W is for Children’s Poets Philip Waddell, Kate Wakeling, Celia Warren, Zaro Weil, Colin West, Robert Paul Weston, and Chris White
Robert Paul Weston
Robert Paul Weston is the internationally award-winning author of several books for young readers, including the verse novels Zorgamazoo and Prince Puggly of Spud and the Kingdom of Spiff. He lives in London. His website is here.
This is one of his wonderful poems:
The Lightning Bird
Colin West was born in 1951 and studied Graphic Design and Illustration at various art colleges. His first book, a slim volume of nonsense verse, Out of the Blue from Nowhere, was published by Dennis Dobson in 1976. He went on to write and illustrate some sixty children’s books, and now lives in Sussex and writes and draws for his own amusement, mainly.
However, he has published two rather wonderful collections recently, The Funniest Stuff and Bonkers Ballads, both of which I love, and both of which are stuffed with Colin’s delightfully witty poems and charming, colour illustrations.
Here is one of the poems from The Funniest Stuff:
I once had a little vulture,
But he didn’t care for Culture,
And to let the whole world know it,
He would peck at any poet.
Though I begged him not to do so,
He would squawk all through Caruso,
And what really seemed a scandal,
Hiccup all the way through Handel.
I once dragged him to a lecture
On Renaissance architecture,
But he found the subject boring,
So he spent the whole time snoring.
When at last I took my vulture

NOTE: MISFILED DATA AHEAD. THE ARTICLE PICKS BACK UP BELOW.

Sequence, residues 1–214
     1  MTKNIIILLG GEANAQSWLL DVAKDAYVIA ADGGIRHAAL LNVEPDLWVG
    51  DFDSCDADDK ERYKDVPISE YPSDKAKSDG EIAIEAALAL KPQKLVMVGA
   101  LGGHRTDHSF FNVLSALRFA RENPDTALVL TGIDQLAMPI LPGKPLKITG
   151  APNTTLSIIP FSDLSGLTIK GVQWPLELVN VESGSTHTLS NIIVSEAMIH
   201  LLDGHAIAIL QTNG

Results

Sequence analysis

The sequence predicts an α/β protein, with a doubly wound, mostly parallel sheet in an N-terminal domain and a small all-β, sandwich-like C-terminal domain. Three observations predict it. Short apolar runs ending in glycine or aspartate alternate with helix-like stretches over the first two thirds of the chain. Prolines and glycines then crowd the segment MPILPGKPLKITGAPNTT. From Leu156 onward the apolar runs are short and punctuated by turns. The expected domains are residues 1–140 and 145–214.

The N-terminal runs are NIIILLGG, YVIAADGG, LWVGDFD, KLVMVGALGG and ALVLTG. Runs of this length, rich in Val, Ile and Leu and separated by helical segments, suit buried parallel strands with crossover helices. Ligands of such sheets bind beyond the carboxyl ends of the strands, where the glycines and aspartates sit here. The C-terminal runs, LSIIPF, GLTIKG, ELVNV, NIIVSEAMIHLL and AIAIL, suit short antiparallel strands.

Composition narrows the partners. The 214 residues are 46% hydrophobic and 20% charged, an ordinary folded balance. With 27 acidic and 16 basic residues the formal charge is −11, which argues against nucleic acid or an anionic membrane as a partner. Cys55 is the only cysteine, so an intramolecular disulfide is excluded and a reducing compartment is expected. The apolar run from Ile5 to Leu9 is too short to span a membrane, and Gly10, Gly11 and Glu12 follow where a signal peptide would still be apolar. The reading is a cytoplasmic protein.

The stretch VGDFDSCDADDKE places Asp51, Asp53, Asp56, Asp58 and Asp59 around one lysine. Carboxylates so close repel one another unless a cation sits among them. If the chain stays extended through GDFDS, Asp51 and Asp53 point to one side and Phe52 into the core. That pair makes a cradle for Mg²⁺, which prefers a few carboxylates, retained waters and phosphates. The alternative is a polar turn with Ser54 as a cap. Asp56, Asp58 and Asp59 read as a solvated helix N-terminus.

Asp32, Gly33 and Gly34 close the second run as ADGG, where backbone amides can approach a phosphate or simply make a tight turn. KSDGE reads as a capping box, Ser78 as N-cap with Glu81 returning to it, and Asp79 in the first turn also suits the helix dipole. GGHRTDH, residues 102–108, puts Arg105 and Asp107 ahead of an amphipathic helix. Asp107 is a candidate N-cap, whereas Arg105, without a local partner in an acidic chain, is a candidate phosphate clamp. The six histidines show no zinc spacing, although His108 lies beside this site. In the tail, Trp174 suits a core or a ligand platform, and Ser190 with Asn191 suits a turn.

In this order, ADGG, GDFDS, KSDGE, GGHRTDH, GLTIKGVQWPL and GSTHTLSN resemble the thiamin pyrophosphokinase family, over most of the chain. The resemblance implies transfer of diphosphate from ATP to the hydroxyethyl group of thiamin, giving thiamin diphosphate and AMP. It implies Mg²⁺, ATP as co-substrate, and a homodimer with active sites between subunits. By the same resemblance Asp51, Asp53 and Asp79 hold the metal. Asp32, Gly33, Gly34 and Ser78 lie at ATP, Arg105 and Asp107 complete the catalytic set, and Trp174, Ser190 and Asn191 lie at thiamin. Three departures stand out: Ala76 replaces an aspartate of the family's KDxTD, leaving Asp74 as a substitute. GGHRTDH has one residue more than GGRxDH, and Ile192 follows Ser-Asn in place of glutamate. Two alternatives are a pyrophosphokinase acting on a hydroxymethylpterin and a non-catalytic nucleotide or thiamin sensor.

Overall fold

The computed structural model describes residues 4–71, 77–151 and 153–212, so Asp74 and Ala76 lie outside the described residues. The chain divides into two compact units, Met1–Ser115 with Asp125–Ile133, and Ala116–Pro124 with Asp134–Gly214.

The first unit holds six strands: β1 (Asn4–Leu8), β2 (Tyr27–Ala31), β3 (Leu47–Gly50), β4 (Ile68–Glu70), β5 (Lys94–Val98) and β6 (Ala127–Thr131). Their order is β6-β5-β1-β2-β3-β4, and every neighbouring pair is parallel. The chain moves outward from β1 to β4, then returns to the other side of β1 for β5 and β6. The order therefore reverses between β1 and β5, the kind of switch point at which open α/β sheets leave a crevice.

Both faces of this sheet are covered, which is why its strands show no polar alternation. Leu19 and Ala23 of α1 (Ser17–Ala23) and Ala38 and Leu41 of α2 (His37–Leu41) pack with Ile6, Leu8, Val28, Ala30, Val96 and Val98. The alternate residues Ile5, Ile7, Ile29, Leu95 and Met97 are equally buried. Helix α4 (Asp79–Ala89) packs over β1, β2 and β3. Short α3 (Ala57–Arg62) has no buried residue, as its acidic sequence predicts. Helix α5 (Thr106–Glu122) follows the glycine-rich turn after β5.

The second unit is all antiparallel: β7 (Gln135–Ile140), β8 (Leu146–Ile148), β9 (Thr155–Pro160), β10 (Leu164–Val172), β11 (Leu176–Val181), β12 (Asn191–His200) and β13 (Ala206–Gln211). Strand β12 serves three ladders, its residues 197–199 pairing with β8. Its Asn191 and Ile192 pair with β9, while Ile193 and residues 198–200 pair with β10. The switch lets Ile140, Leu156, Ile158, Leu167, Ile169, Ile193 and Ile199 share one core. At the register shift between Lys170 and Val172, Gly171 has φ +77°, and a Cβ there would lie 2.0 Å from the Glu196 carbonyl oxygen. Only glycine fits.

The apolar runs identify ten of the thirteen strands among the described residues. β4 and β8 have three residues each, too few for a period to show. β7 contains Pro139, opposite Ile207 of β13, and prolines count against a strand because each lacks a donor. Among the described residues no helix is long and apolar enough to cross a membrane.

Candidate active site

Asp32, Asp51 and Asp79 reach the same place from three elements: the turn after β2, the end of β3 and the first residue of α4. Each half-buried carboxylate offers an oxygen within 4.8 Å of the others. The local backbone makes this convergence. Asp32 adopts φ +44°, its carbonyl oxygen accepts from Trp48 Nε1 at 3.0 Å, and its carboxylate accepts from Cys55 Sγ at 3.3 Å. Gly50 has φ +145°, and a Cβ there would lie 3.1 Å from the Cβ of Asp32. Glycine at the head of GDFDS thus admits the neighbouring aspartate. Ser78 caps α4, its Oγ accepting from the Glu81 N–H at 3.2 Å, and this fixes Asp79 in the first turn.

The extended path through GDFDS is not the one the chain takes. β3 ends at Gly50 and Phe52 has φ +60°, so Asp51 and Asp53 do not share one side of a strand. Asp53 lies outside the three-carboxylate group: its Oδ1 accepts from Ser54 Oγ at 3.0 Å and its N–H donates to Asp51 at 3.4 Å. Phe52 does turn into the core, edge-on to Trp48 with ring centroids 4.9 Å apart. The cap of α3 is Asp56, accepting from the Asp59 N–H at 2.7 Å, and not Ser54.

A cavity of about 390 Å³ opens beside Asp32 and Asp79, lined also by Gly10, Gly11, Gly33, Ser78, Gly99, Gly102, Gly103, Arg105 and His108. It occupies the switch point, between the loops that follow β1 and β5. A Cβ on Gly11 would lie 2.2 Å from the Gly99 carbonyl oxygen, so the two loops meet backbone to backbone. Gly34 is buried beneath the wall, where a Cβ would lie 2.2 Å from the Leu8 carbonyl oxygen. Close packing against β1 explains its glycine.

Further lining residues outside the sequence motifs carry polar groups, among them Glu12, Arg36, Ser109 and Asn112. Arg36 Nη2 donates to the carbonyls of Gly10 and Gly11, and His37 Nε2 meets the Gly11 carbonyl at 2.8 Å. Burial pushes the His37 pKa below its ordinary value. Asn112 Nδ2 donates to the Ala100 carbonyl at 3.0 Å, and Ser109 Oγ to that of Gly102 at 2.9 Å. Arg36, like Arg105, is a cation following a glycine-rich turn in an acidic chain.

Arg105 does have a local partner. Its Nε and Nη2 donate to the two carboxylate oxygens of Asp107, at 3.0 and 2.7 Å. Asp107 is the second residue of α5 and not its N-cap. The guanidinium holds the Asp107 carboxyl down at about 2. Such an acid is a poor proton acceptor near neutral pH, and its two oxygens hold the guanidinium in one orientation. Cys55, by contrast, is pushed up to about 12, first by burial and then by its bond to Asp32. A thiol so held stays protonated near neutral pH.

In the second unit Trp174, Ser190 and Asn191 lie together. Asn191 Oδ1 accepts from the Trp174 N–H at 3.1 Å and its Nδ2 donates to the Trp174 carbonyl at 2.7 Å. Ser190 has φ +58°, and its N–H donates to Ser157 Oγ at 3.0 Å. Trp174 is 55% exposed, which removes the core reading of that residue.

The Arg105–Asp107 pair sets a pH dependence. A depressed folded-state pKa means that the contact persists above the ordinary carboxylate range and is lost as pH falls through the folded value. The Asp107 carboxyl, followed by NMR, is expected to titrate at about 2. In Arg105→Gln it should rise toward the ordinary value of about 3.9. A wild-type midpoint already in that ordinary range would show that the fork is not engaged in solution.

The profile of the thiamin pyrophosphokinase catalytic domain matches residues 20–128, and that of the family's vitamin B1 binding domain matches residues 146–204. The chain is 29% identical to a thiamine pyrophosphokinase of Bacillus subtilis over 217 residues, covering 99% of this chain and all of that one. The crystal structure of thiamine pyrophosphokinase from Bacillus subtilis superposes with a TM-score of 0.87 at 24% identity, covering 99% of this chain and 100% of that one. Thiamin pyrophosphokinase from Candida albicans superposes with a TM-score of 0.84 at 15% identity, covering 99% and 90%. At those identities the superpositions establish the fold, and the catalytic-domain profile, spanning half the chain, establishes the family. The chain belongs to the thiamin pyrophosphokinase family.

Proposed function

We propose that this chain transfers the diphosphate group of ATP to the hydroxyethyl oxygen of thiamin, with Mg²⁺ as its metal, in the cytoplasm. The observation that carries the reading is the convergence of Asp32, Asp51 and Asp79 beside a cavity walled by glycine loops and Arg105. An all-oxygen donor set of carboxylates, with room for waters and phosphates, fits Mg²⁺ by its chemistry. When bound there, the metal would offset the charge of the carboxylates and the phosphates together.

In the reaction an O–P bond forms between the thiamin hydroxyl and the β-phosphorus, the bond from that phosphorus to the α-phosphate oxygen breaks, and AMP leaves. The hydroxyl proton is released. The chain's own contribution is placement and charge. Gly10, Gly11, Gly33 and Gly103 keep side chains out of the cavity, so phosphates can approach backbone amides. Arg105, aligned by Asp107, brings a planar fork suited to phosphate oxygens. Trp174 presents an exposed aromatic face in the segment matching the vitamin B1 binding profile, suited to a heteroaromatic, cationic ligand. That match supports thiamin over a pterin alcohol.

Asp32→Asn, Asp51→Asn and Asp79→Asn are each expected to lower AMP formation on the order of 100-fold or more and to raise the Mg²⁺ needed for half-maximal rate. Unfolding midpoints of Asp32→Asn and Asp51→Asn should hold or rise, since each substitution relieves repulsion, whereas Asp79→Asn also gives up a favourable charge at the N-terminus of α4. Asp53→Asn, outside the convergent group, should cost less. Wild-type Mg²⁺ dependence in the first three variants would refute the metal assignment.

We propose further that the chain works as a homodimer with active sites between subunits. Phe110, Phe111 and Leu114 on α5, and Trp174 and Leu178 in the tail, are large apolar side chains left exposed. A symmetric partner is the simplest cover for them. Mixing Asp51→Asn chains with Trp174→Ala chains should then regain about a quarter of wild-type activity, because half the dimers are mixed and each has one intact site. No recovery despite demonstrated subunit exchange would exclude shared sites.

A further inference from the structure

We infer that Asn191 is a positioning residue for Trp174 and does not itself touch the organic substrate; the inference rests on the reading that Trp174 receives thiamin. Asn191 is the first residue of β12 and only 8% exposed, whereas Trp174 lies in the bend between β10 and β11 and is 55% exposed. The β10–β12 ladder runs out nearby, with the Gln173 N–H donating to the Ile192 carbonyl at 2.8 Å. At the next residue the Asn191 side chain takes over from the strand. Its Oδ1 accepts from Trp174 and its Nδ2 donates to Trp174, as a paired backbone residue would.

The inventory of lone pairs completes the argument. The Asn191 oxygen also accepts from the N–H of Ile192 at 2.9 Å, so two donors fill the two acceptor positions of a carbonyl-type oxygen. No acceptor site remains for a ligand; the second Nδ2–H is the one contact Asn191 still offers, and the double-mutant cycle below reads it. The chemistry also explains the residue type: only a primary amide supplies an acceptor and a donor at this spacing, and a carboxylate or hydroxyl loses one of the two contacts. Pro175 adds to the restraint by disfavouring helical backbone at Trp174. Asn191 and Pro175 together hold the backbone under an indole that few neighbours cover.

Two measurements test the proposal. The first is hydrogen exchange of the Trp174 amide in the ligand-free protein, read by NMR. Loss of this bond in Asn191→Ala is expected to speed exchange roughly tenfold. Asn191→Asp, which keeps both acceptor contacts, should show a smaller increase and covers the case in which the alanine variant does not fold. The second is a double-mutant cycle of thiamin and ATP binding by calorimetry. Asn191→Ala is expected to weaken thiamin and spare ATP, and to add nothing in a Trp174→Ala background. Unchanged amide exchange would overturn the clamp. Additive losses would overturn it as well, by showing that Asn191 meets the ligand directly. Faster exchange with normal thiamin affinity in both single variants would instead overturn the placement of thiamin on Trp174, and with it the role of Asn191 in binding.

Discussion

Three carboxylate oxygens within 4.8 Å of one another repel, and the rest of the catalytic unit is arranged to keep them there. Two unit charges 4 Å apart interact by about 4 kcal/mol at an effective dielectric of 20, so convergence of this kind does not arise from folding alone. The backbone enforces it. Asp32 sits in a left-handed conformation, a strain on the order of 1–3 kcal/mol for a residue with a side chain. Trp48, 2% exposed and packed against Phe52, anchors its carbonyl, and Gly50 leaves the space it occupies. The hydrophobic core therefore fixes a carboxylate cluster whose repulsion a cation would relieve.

To a show of modern sculpture,
Twenty times he yawned, I counted,
So I had him stuffed and mounted.
Poem and illustrations © Colin West
Zaro Weil lives in an old farm on a little hill in southern France with her husband and two sheepdogs, Spot and Clementine, alongside a host of birds, insects, badgers, wild boars, crickets, donkeys, goats, hares and loads more. She has been a lot of things; dancer, theatre director, actress, poet, playwright, educator, quilt collector and historian, author, publisher to mention a few! Her poetry for children has appeared in many anthologies. She has written several books including a book of children’s poetry, Mud, Moon and Me published by Orchard Books, UK and Houghton Mifflin, USA. Mud Moon and Me can be bought here. Her newest book Firecrackers, Troika, illustrated by Jo Riddell, can be bought here. Zaro’s website is here.
Here is a lovely poem by Zaro:
THINK OF IT
think of it
the first shudder of damp
all was ready
then in the deep inside of earth
in the muted underneath of winter
not with a sudden trumpet of green
or a sky of confetti blossoms
but with a seed
small pale and barely breathing
it lay quietly
waiting for the lavender clouds
that carry the first warm rains
till for some reason as ancient and
everyday as the sun itself
the seed cracked
split and softly burst into
a faint tendril
a root a sprout
a thin wisp of a growing thing
and with no thought of stopping
it pushed through the
dark soil with the force of
a billion winter winds
pierced the crust of the outside and
split the frozen armour of earth
which has held spring safe
since time began
© Zaro Weil
Celia has been writing poetry ever since she learned to read, and has been published since the early 1990s in hundreds of children’s anthologies, at home and abroad, and shortlisted and commended in various competitions. Her collections are all for young children and many of her poems and stories form infant readers in mainstream school reading programmes all over the world. She has compiled two anthologies: The RSPB Anthology of Wildlife Poems illustrated by a range of fabulous artists, (Bloomsbury) and A Time to Speak and a Time to Listen (Schofield and Sims). Celia loves reading and performing her poems to anyone who’ll listen! Her website is here.